Tuesday, 5 December 2017

The Intersubjective Foundation of Economic Confidence: Why Bitcoin will crash...

Simmel understood that money was a codification of inter-human relations - it codified expectation. Marx had a similar view. How the codification actually happens can vary. Money might be linked to the actual value of the precious and scarce metal in a coin. Equally, it might be linked to a promise made by an institution on a piece of paper issued by that institution (fiat money).

Codifying expectations is a way of establishing trust between humans, and that essentially means that communications can be made with some security that conversations can be managed by both parties, that irrational acts are unlikely, and that space exists for negotiation and manoeuvre if something goes wrong. The bank's promise acts in a similar way to the universal recognition of the value and scarcity of a diamond. One is a speech act (what Searle calls a "status function"), the other involves many other levels of description (aesthetics, etc) in addition to speech acts.

The context within which expectations are established is critical to the whole thing working. Technology is changing the context within which we deal with money, and the shared expectations it brings. First of all, the model of "flexible pricing", used by airlines, holiday booking sites, Uber and so forth, looks set to become more widespread. What this means is that the bank may promise to pay the bearer the sum of £5, but the exchange value of that £5 might depend on the time of day, the insurance group of the owner, and the extent to which the owner really wants to buy a particular thing. What might this do to codified expectations? Nobody knows yet.

At the same time, technology has been used to change the rules of fiat money. Bitcoin is fiat money with a difference: the promise to pay the bearer is not made by an institution, but the requisite trust for the currency is established through the way the algorithm works. In this shifting of parameters around fiat currency, some variables are overlooked which might render Bitcoin worthless. For example, banks are subject to political forces where Bitcoin isn't. Some see this as a strength of Bitcoin. I'm not so sure. Political forces themselves result from individuals grouping together for a common cause: in the face of catastrophic uncertainty, they look to each other for support, and organise themselves to change their environment. The best way of managing catastrophic uncertainty is to look into the eyes of another human being facing the same thing. This is the essence of trust, not a shared ledger.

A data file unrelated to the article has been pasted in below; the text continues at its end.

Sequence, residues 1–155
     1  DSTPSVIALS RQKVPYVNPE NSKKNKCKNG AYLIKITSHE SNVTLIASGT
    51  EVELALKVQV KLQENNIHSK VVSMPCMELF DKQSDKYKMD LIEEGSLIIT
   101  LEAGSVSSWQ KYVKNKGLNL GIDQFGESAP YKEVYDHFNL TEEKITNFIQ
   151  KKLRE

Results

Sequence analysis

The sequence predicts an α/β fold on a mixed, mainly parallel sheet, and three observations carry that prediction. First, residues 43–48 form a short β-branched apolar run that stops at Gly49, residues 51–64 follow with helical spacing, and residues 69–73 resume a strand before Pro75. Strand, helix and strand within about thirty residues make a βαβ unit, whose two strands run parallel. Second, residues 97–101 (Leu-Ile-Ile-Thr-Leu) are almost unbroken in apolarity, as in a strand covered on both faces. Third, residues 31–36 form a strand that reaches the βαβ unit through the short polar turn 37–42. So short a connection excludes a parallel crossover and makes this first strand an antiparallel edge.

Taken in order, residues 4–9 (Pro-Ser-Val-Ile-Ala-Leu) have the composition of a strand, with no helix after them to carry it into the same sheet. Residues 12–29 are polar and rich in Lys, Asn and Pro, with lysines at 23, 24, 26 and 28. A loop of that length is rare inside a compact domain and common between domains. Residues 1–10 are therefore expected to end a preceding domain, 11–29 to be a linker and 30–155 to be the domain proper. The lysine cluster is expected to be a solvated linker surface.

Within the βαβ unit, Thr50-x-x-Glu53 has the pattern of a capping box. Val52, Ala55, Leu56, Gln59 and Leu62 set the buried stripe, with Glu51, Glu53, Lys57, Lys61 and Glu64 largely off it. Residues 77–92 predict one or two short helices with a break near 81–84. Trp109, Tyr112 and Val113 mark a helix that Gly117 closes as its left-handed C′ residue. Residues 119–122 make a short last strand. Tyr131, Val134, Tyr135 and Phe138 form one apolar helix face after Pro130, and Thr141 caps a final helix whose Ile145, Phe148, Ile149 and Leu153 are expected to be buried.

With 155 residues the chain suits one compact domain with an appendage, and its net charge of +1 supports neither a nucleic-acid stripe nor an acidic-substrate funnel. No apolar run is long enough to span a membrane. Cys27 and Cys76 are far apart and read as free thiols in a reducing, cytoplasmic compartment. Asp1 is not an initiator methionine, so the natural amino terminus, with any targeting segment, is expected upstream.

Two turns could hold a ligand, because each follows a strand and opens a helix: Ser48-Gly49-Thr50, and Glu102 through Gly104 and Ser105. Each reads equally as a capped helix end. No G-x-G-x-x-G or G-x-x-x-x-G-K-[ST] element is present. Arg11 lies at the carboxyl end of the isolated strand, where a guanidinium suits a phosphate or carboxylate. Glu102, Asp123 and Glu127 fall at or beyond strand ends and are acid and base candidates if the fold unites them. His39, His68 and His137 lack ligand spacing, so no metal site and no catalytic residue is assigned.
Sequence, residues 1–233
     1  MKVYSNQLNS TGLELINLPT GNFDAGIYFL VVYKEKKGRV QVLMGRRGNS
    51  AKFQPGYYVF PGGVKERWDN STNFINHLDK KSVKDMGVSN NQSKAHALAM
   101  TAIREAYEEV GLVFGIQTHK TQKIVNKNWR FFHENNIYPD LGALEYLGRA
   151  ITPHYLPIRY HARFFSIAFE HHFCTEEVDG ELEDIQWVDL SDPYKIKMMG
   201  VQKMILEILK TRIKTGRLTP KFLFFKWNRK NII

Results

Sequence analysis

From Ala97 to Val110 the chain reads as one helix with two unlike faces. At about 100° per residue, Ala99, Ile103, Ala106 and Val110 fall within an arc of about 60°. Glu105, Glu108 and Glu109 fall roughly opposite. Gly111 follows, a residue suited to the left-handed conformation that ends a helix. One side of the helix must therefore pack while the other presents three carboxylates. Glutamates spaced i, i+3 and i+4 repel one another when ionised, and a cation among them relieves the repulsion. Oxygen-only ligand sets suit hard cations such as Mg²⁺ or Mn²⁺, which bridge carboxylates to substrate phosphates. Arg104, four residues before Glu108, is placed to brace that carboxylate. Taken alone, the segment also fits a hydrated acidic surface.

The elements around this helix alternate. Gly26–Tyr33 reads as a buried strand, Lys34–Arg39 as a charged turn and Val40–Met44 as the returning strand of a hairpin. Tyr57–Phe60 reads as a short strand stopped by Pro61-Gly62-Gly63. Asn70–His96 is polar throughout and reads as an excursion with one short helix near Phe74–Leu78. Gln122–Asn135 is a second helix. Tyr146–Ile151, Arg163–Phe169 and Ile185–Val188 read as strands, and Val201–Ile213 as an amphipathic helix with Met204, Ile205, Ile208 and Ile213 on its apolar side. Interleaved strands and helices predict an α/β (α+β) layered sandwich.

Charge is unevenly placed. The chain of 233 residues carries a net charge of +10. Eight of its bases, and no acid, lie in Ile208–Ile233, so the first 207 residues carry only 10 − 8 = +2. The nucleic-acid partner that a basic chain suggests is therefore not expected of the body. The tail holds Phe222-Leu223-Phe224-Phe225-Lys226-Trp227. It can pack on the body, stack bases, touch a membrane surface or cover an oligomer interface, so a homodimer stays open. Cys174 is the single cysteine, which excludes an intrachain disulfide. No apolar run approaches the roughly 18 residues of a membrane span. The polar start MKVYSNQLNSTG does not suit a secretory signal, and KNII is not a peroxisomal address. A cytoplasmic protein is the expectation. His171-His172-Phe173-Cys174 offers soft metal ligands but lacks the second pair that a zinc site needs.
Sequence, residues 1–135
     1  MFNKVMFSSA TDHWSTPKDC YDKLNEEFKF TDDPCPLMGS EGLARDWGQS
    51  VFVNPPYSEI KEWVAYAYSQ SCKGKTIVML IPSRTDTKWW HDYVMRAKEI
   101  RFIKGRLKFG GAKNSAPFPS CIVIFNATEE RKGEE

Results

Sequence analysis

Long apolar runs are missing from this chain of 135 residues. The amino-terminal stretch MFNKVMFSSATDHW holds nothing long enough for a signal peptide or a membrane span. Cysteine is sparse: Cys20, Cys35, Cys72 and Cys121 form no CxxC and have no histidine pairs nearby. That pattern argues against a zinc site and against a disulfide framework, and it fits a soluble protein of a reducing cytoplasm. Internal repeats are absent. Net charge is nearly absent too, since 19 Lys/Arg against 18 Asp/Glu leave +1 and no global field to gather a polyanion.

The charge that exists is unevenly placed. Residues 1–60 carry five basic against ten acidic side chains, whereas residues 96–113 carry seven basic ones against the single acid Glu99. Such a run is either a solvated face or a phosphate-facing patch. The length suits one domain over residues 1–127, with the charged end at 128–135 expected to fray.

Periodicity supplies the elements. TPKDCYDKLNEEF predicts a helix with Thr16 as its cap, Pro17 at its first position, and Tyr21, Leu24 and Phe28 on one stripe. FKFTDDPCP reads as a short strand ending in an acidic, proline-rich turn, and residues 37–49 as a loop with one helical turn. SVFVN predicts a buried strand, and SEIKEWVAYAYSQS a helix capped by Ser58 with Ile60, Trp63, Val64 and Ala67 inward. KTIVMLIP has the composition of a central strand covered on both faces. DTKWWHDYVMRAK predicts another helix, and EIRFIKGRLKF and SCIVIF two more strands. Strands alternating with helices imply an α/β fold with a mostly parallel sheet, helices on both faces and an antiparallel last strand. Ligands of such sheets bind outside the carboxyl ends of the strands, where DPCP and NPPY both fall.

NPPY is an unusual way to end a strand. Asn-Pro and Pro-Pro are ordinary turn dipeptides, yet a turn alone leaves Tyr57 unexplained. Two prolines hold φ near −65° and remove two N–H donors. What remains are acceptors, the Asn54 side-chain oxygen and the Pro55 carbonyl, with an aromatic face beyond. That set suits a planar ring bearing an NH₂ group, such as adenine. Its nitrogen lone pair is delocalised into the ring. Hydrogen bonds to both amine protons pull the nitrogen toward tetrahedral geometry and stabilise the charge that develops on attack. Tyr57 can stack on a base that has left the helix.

Human trust is an intersubjective phenomenon. It may be mediated by objects: a coin, or a shared ledger are objects. But objects themselves merely illuminate the humans  who deal with them. It is through human engagement with objects that humans understand each other better. We may think that we trust the ledger, or the bitcoin, or even the £5 note. But this is to miss the point that it is each other that we really get to know better, and through this illuminated "getting to know" we establish trust.

The problem with hype - whether around Bitcoin, or around University (which is another bubble about to burst) - is that the codification of expectation it manufactures is only indirectly the result of a particular object. Like the Emperor's new clothes, trust finds a way of establishing itself with the removal of the object too.

Bitcoin has got no clothes on. The illumination it brings to our understanding of each other can be equally well-established by its absence, and as circumstances become more and more intense, the search for new ways of establishing human trust and the codification of expectation also intensifies. Indeed, if trust and intersubjectivity is what it's all about in the end, we may ultimately have little need for "shared objects" like money at all...


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